Electric Car Charging Cables Explained

At first glance, the topic of electric car charging cables can look confusing. So many different plug types, so many different charging speeds! But we’re here to help you figure out what goes where, and which does what…

Before we jump in, it’s good to know that the power rating of chargers and chargepoints is given in kilowatts, or kW for short. Broadly speaking, a higher number is better, but we’ll get into that below.

The cables

Whichever electric vehicle you buy, you’ll also receive a set of charging cables. What you’re guaranteed to find is a single set of cables, with a domestic 3-pin plug on one end, and the correct plug type for your vehicle on the other.

That’s perfect for charging your vehicle at home, but you’ll need a whole other cable for plugging your vehicle into one of the many chargepoints you’ll find when you’re out and about.

It’ll probably be the case that your vehicle does actually come with both sets of cables, but if not, you can purchase the right cable for charging on the go from the manufacturer, or from one of the many reputable online retailers.

Different charger speeds

Charging speeds are split into three categories – slow, fast, and rapid. Those categories might seem fairly self-explanatory, but there’s a bit more detail you should be aware of.

Slow chargers are rated up to 3kW, and include charging at home from a 3-pin domestic plug socket. Since the kW rating on slow charging is low, this means the time it takes to charge a battery to 100% is longer. In fact, it can typically take up to 12 hours, so it’s best to use this charging speed if you’re plugging in overnight.

Fast chargers are – you guessed it – a little bit faster than slow chargers. They’re rated at either 7kW or 22kW, depending on the charging unit speed, and you’ll find them most often in car-parks or outside office buildings.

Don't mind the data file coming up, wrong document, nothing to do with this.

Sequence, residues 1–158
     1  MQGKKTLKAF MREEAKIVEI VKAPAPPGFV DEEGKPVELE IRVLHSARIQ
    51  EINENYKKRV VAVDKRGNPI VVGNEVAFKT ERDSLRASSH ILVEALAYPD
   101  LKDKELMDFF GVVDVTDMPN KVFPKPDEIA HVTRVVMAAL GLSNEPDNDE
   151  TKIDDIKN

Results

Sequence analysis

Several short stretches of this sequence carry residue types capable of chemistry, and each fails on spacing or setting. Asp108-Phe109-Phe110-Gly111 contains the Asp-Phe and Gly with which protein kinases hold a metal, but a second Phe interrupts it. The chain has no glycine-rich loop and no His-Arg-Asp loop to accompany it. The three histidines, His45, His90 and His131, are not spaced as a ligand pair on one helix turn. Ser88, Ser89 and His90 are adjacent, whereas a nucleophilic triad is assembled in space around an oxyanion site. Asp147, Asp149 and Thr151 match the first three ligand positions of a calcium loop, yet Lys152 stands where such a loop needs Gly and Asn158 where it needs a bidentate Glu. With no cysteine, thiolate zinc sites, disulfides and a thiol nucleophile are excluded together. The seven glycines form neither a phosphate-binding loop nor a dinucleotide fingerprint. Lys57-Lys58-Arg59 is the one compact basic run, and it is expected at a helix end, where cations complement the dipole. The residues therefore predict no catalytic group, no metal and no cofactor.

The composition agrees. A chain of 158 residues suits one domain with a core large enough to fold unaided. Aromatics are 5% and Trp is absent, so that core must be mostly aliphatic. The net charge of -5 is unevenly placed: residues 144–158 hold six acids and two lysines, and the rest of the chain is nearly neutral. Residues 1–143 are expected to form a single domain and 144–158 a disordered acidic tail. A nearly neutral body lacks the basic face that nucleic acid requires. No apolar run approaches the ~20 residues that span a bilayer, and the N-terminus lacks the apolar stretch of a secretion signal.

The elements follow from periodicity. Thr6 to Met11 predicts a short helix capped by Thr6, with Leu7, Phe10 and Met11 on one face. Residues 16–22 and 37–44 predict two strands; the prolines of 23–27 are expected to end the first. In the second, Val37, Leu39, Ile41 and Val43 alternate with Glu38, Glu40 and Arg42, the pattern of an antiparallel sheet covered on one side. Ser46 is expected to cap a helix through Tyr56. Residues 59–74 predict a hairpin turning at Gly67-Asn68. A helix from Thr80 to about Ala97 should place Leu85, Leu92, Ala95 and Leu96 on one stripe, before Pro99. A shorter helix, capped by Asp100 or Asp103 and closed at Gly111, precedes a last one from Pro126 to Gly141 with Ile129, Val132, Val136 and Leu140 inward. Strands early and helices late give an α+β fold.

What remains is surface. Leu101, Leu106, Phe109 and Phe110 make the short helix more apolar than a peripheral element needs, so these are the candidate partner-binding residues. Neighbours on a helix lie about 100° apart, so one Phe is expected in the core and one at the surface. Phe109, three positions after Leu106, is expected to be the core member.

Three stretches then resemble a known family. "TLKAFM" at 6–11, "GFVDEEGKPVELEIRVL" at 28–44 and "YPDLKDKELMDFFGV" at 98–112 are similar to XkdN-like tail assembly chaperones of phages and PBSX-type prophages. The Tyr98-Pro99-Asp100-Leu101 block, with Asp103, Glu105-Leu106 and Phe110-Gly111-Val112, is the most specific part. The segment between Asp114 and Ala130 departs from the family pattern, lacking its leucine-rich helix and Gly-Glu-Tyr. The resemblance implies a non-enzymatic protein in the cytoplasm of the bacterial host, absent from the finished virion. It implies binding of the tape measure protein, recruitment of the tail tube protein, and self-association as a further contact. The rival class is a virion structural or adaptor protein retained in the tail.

Jump up to the world of rapid charging, however, and you’ll experience potential charging speeds of up to 120kW, assuming you have a compatible vehicle. Rapid chargers can charge a battery up to 80% in as little as 30 minutes – a real game-changer. They’re found at places like motorway service stations.

Plugs & connector types

You might think that when someone had the bright idea of introducing electric cars, they’d set a universal plug type and socket for all cars to use. Unfortunately, it’s a bit more like the world of mobile phones, where different companies use different connectors to charge their devices.

The type of connector you’ll need depends on the charger type and its socket, as well as the socket on the vehicle itself. Different chargers use different connectors, depending on the kW rating.

On the vehicle-side, there are two socket types. European manufacturers use a Type 2 inlet socket with CCS rapid standard fitted, while Asian manufacturers prefer a Type 1 and CHAdeMO inlet socket.

You’ll notice that the cable attached to a rapid charger has a beefier plug compared to fast and slow chargers – that’s the part of the plug that uses the CCS and CHAdeMO standards, meaning the vehicle can access rapid charging where available.

We know – the amount of information on electric vehicles can be a little overwhelming. What’s for sure, though, is that EVs are the future, and what better time to embrace the future than now?

Click here to see electric cars in stock right now.

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